Sir Keir Starmer has been warned of a possible strike by Labour Party staff if cost-cutting efforts lead to compulsory redundancies.
Labour Party workers who are members of the Unite and GMB unions have voted in favour of industrial action should they be faced with compulsory lay-offs.
An indicative ballot held by both unions, which closed on Tuesday, had turnouts of approximately 80%.
More than 75% of members were in favour of taking industrial action if compulsory redundancies are announced by Labour, the unions said.
Labour officials have been notified of the result of the vote, with a meeting arranged for Friday between both sides.
Ahead of the talks, Unite regional officer Matt Smith said: “Labour will be meeting with Unite and the GMB this Friday and both unions are hopeful that a way forward can be found that avoids any compulsory redundancies or resultant industrial action.”
Vaughan West, of GMB, said the ballot result had allowed Labour Party staff to show “the strength of their anger”.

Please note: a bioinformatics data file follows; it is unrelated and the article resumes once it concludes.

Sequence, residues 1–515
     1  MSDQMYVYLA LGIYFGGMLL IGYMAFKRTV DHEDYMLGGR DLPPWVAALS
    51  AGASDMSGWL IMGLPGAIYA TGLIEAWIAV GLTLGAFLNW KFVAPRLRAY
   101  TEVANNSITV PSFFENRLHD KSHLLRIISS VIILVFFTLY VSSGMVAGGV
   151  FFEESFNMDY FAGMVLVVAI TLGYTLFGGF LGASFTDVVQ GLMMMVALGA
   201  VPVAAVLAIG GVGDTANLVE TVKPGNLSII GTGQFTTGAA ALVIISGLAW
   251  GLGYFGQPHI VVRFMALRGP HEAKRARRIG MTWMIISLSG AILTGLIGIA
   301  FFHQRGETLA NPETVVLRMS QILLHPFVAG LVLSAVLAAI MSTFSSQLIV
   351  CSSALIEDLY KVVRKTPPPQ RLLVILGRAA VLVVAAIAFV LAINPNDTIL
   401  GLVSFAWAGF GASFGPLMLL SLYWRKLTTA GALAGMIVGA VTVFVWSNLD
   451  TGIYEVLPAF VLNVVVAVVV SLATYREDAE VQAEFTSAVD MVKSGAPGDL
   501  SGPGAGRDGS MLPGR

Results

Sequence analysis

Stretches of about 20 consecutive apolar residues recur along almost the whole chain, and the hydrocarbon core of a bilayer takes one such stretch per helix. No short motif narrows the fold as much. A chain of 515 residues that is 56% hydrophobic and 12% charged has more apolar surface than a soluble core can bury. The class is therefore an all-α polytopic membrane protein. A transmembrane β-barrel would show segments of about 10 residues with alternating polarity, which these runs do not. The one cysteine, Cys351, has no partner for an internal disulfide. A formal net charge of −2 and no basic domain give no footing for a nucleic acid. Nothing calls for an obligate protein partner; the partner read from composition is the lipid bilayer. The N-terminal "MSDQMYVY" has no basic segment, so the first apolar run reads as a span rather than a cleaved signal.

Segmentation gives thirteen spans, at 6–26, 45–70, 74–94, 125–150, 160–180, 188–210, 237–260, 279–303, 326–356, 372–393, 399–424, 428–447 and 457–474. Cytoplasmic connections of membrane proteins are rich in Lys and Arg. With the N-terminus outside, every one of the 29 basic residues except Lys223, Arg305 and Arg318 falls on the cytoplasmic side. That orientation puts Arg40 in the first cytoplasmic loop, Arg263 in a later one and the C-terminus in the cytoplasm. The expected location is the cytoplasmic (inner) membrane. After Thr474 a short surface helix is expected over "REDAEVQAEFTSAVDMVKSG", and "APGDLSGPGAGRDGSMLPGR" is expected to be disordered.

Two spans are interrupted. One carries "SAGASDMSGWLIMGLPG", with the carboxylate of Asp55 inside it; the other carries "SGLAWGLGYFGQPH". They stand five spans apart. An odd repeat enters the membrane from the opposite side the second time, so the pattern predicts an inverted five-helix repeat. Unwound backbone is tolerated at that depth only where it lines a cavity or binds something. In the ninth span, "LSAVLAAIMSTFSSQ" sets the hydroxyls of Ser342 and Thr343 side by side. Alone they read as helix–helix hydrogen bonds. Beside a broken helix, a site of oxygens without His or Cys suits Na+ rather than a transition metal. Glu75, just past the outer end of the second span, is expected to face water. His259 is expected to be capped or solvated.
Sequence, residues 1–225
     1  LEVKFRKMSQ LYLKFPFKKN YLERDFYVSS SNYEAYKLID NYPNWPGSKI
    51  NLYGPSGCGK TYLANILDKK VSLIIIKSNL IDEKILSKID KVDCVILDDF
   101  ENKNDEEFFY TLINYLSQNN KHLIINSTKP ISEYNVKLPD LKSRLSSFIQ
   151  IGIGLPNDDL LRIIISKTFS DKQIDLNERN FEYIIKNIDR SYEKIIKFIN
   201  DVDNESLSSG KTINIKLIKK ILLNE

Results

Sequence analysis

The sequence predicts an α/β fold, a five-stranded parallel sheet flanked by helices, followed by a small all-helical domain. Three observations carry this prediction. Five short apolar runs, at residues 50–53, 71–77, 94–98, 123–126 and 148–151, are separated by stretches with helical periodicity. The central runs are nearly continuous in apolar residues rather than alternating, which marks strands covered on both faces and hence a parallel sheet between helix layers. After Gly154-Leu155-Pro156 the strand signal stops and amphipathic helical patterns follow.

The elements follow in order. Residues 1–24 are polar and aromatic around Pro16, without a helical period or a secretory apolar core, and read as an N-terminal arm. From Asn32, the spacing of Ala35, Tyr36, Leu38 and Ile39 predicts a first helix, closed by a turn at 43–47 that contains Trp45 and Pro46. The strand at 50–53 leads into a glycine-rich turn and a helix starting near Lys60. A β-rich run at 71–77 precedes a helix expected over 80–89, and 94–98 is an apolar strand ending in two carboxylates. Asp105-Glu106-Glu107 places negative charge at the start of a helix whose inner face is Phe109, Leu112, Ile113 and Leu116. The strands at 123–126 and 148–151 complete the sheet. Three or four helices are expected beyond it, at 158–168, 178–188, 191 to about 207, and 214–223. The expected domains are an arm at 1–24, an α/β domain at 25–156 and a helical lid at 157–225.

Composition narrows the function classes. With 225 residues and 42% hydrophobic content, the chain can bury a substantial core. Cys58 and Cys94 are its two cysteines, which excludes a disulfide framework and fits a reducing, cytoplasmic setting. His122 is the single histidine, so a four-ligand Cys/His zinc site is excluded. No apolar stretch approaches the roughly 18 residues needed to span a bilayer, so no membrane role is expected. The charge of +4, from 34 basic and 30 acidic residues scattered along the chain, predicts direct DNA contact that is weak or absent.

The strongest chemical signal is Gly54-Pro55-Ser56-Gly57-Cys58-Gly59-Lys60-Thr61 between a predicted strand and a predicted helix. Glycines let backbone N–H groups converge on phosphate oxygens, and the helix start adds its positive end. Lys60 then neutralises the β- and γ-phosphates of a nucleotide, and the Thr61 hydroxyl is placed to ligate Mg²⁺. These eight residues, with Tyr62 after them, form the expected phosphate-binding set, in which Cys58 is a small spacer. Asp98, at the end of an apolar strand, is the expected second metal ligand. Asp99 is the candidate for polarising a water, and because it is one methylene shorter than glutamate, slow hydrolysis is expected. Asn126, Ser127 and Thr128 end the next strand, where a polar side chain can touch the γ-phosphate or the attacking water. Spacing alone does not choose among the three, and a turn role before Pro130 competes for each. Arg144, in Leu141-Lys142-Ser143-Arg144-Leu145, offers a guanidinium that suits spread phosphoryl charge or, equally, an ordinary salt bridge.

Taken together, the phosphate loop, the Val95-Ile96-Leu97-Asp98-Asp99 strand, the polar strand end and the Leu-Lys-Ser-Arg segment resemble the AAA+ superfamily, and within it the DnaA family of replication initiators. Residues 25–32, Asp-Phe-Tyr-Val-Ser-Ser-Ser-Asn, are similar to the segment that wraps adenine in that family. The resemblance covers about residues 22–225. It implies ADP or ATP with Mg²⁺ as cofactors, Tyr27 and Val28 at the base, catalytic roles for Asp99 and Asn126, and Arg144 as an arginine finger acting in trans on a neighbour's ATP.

“We hope party bosses will now sit up, take notice and talk with unions so we can avoid compulsory redundancies,” he said.
Both Unite and GMB are among Labour’s biggest donors.
Labour’s general secretary David Evans, who took on the role following Sir Keir’s election as Labour leader last year, is reported to be looking to cut around 90 jobs as part of a major restructure and to help repair the party’s finances.
Applications for a voluntary redundancy scheme offered to Labour staff ended on Tuesday.
A Labour spokesperson said the party would not be commenting.